The U.S. Federal Communications Commission (FCC) on Monday proposedfining AT&T Inc. US$100,000 for failing to file an annualreport detailing its compliance with the FCC’s customerprivacy-protection rules.
AT&T Inc., formed when SBC Communications Inc. acquiredAT&T Corp. in November, failed to file a report detailing itscompliance with the FCC’s Customer Proprietary Network Information(CPNI) rules, which prohibit telecommunications carriers fromselling customer information to most third parties.
The proposed fine comes as the FCC and some members of the U.S.Congress have raised concerns about some Web-based data brokersselling telephone call logs. The proposed fine is for the late CPNIreport, not because AT&T sold customer data, but the FCC noticeof the proposed fine notes recent concerns about the sale oftelephone customers’ personal data.
The FCC “has been investigating the adequacy of proceduresimplemented by telecommunications carriers to ensureconfidentiality of their subscribers’ CPNI, based on concernsregarding the apparent availability to third parties of sensitive,personal subscriber information,” the notice says. “For example,some companies, known as ‘data brokers,’ have advertised theavailability of records of wireless subscribers’ incoming andoutgoing telephone calls for a fee.”
Some data brokers apparently trick telecom carriers into giving upprivate data, and in other cases, carrier insiders are suspected ofgiving data to data brokers.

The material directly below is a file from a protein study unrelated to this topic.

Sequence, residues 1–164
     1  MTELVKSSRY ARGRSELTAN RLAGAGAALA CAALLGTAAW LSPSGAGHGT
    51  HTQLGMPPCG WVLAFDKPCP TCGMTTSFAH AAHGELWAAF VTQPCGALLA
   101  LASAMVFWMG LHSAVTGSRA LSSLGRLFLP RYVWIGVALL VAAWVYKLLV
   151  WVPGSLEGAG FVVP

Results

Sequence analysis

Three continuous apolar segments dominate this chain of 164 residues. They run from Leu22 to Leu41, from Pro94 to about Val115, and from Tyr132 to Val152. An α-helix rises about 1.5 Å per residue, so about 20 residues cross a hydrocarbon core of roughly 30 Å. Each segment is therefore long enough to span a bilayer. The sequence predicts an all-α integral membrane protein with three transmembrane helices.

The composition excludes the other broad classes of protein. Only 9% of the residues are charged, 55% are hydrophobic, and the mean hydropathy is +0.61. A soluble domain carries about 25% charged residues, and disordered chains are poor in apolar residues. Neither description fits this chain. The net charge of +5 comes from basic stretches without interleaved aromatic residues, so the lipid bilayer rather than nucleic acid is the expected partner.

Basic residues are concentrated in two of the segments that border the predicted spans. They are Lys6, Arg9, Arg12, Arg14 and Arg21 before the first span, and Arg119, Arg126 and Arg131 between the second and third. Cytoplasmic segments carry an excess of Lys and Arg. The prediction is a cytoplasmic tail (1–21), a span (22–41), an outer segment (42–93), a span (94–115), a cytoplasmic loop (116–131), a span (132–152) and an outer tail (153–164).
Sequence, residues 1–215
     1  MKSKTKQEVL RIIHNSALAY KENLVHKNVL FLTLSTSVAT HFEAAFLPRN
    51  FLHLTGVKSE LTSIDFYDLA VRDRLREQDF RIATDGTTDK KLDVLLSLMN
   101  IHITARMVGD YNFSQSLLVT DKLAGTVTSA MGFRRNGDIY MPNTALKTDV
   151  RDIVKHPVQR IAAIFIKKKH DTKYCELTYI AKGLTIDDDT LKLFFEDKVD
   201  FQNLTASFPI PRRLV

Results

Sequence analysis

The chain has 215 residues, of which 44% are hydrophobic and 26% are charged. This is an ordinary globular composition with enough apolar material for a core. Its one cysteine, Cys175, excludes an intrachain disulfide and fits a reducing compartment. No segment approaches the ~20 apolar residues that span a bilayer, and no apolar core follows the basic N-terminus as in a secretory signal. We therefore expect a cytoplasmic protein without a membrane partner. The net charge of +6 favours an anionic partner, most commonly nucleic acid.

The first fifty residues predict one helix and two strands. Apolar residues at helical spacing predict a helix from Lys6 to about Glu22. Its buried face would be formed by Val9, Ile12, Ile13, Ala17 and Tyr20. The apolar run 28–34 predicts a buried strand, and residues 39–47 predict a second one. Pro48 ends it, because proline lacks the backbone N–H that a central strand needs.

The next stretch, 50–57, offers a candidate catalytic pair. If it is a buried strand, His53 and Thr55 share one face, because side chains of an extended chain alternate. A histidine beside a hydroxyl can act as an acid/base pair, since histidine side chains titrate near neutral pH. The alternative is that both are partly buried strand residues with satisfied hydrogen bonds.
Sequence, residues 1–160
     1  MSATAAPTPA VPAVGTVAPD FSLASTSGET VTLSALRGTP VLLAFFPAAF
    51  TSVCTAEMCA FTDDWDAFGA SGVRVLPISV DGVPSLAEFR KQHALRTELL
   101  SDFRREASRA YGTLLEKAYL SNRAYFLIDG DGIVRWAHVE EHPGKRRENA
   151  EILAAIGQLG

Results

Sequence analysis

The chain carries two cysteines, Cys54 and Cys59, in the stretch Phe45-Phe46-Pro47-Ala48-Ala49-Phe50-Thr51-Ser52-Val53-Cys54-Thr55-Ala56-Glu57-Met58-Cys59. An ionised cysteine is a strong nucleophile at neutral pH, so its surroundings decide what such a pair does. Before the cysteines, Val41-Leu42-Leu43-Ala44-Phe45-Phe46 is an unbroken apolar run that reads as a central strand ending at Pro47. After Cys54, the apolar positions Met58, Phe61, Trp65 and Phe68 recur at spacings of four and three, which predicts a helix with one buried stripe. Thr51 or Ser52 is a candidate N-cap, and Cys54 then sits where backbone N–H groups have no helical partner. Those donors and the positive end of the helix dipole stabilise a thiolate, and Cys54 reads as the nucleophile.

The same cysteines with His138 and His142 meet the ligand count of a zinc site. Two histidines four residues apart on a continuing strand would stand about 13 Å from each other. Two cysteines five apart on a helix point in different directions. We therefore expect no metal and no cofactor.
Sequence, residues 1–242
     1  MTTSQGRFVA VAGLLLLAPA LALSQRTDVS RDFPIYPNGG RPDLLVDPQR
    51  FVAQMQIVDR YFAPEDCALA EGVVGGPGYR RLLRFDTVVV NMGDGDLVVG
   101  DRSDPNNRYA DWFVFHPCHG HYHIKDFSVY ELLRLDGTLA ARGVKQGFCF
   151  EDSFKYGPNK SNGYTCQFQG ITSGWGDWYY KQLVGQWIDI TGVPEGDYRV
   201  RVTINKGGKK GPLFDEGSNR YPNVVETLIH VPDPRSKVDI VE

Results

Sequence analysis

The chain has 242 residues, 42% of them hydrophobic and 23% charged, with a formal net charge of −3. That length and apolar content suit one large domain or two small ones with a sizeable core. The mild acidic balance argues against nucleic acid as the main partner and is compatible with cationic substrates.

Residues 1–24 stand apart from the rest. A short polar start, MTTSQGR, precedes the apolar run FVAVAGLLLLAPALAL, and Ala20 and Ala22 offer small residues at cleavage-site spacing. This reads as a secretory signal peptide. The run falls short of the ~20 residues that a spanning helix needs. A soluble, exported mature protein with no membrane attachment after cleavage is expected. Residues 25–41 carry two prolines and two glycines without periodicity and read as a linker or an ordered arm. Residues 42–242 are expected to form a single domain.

AT&T said in a statement it is working to fix the problem withthe late report. “AT&T has the systems and procedures in placeto protect customer data,” the company said. “However, a copy ofthe officer’s certificate attesting to those procedures hasn’t beenlocated. The company is rectifying the mistake and is working withthe FCC to ensure full compliance.”
As part of the FCC’s investigation into the sale of telephonerecords, the agency on Jan. 25 asked AT&T and other carriers toproduce their CPNI compliance certificates. AT&T Inc. deliveredthe compliance certificate of SBC but did not provide thecertificate from the old AT&T Corp., the FCC said.
The FCC concluded that AT&T “has apparently failed to comply”with CPNI rules requiring a company officer to certify yearly thatit has privacy protections in place, the FCC said in its Mondaystatement.